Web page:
42. In terms of paragraph 6.3, the Shortlisting Committee “must formulate additional criteria for shortlisting in consultation with the relevant employee organisations”. It was the 1st Respondent’s case that the Applicant relied on the “setting of criteria” (P.17, para 6) instead of the criteria itself from which he concluded that there were no additional criteria. Motang and Moremi stated that the criteria were set as captured in P.17 under “Criteria: See attached grid”. The Applicant agreed that he suffered no prejudice as there was compliance with this clause. The Applicant’s case directs to paragraph 6.4 directing that a list of appropriately weighted indicators should be arrived at using information provided in the advertisement (as well as duties, skills and qualities that are relevant to the post as a basis).” Although the minutes (Bundle “A”, p16-19) of the shortlisting meeting appear to contain additional criteria, the criteria became meaningless due to the absence of compliance with paragraph 6.4. I am of the view that the requirements, as per paragraph 6.10 and 6.11, which requires that this criterion must consider the “curricular needs of the school” and the “subject or post requirements”, were not achieved.

43. Paragraphs 6.3, 6.7 and 7.4 of Circular 24 of 2019, demand trade union participation, obviously as an inherent requirement insofar as transparency is concerned. It is the 1st Respondent’s case that the trade unions they were invited but did not attend. This is in line with the minutes on page 16(A). This paragraph is also supported by paragraph 6.7 P.15 (R) which indicates that “Relevant employee organisations must be granted an opportunity to observe this process to satisfy themselves that the above-mentioned criteria was were applied properly, provided that should any such employee organization be unable to utilize this opportunity, such inability shall not negatively affect this process”. This was supported by Motang, Moremi and the Applicant himself. Paragraph 6.3 demands (“must”) consultation with the relevant trade unions in respect of the formulation of additional criteria. Referring to paragraph 6.3 of the Circular (A14) directs that the shortlisting committee must formulate additional criteria for short-listing in consultation with the relevant employee organizations who are present. As none of the trade unions were present at the Shortlisting Committee meeting held on 15 September 2019 (see paragraph 1 of the minutes), the question remains whether such additional criteria could be formulated in the absence of any employee organization. I am of the view the clause in its ordinary meaning directs “who are present’”. Should no trade union be present it surely with the condition that the relevant trade unions must have been invited, such inability shall not negatively affect the process.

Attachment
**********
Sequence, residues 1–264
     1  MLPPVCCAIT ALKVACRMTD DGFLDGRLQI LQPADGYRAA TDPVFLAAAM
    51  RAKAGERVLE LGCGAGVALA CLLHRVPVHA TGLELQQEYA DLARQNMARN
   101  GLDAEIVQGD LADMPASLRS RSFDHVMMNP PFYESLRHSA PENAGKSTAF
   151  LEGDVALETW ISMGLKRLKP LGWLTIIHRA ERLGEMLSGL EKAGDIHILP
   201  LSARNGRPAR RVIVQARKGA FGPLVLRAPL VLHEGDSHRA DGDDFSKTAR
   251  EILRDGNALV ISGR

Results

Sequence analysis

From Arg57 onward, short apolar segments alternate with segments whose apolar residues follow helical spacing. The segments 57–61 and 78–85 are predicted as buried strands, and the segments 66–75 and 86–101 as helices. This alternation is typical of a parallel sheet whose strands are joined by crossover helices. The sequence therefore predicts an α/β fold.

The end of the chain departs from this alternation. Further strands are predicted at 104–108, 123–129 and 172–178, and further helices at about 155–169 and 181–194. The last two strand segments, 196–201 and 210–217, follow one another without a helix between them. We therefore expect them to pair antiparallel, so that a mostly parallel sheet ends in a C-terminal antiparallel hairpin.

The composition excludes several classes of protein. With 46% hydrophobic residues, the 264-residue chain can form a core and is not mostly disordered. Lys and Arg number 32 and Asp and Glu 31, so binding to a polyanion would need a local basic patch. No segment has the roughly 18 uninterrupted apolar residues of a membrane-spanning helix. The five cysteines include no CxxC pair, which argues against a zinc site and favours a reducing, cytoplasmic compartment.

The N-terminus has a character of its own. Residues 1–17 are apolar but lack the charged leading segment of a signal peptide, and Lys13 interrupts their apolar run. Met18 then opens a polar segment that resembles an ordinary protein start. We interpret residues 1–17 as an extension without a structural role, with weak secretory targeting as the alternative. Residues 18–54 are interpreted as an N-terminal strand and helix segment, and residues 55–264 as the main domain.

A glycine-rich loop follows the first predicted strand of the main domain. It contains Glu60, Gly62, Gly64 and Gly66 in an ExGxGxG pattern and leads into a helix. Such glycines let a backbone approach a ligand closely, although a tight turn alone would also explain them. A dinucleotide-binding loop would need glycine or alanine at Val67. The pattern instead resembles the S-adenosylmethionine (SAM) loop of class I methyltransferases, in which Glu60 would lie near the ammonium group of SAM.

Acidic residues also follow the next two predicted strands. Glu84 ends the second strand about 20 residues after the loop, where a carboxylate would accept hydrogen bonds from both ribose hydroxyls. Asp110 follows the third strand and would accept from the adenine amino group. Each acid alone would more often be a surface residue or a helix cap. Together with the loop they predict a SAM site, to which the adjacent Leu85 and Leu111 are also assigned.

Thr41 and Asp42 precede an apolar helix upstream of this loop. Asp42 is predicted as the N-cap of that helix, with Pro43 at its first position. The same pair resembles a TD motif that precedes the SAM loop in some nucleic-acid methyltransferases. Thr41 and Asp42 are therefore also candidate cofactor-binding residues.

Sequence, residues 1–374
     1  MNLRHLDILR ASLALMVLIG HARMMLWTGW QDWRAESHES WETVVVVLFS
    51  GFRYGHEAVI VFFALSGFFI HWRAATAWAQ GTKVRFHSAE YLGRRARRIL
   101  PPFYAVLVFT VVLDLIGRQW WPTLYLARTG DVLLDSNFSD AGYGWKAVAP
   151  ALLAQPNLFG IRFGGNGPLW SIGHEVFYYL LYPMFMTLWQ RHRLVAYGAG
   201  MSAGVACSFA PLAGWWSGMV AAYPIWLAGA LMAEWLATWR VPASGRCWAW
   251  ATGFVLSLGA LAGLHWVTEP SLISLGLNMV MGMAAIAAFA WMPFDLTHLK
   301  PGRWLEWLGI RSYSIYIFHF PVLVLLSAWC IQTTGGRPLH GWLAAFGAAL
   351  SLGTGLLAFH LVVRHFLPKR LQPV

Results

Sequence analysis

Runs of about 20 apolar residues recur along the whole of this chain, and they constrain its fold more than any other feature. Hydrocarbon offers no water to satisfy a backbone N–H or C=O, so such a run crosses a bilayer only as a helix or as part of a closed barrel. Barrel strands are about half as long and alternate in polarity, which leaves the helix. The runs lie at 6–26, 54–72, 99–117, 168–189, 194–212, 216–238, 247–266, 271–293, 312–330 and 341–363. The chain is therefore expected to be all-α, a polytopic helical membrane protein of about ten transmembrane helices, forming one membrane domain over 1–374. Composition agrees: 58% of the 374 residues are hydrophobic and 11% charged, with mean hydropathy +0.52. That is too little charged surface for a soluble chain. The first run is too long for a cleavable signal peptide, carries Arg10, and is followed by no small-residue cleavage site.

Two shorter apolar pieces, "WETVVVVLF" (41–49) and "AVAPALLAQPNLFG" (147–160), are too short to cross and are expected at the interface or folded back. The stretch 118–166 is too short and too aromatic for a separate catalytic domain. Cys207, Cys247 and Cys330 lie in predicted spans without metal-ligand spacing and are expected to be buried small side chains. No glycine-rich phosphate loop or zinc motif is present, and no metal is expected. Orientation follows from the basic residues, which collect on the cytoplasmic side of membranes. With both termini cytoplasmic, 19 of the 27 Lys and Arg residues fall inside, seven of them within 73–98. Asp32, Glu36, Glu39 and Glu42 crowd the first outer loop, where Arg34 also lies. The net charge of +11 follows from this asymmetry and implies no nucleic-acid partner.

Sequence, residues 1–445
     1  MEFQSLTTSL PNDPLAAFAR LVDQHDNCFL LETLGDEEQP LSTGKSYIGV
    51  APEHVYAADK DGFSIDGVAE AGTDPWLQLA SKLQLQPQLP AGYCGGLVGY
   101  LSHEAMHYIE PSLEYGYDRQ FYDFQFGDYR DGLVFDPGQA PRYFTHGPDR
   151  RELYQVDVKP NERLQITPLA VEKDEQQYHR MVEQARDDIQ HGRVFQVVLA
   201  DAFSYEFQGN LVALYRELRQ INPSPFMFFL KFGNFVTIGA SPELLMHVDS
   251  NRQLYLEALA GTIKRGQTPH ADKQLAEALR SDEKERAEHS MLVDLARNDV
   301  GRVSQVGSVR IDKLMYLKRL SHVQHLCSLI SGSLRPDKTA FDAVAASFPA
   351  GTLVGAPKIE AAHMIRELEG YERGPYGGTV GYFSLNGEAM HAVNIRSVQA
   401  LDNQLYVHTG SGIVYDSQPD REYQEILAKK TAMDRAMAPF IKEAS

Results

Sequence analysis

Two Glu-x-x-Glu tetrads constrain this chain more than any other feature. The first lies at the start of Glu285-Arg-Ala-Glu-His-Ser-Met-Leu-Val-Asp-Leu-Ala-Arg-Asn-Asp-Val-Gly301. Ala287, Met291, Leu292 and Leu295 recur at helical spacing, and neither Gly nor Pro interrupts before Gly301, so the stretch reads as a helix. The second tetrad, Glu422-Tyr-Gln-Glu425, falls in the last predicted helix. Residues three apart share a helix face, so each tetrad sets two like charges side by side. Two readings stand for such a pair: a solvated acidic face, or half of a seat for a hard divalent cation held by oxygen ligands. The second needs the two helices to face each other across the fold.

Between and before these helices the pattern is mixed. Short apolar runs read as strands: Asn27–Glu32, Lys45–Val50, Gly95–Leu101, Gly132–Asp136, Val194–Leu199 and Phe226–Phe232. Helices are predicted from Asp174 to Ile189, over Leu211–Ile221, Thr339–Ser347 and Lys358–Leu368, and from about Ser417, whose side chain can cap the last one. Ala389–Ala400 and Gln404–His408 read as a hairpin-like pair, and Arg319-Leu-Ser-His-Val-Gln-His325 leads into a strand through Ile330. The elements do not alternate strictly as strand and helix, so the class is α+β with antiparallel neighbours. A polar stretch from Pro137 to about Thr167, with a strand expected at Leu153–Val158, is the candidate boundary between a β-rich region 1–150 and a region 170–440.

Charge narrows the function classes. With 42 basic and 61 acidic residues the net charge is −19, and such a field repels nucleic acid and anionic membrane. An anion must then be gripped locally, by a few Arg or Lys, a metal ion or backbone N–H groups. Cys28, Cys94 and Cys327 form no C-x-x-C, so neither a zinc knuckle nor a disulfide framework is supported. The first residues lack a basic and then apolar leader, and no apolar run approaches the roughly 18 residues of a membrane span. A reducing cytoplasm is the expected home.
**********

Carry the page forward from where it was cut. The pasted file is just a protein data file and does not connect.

44. Paragraph 7.4 of the Circular relates to members of the Interview Committee, provides for one union representative per trade union who is a party to the ELRC and must be read with paragraph 7.6, which allows for these individuals to be observers in the process and the drawing up of a preference list. The minutes in respect of the interviews, held on 4 October 2019, reveal that only a representative (Lentswe) of one trade union was present. The absence of a representative from the other trade union(s) was not even addressed, which is evident from the minutes Bundle “A”, p23-25. The 1st Respondent could only respond to state that such inability could not negatively affect the process.

45. Paragraph 7.15 demands that: The interviewing panel must rank two candidates in order of their preference, giving a brief motivation or their choice. During this process the relevant employee organisation can send observers to sit in.” Read together with paragraph B.5.4.12 of PAM: At the conclusion of the interviews the Interview Committee must rank the candidates in order of preference, together with a brief motivation, and submit to the SGB for their recommendation to the relevant employing department.” The minutes, paragraph 6.1 thereof, contains a ranking of the five candidates but does not contain any motivation insofar as the ranking of candidates in order of the Interviewing Committee’s preference. The last page of the minutes, page 25 of Bundle “A”, however contains a short motivation for only three (3) of the candidates during the interviews. The 1st Respondent in my view missed this issue in that it referred to paragraph B.5.4.13 of PAM which stipulates that “The SGB must, after having ensured that the principles and processes stipulated in paragraph, B.5.4 have been adhered to, submit in order of preference to the HoD, a list of - B. - At least three names of recommended candidates;” I do however view this as not a major non-compliance on the part of the 1st Respondent and resulted in no unfairness towards the Applicant.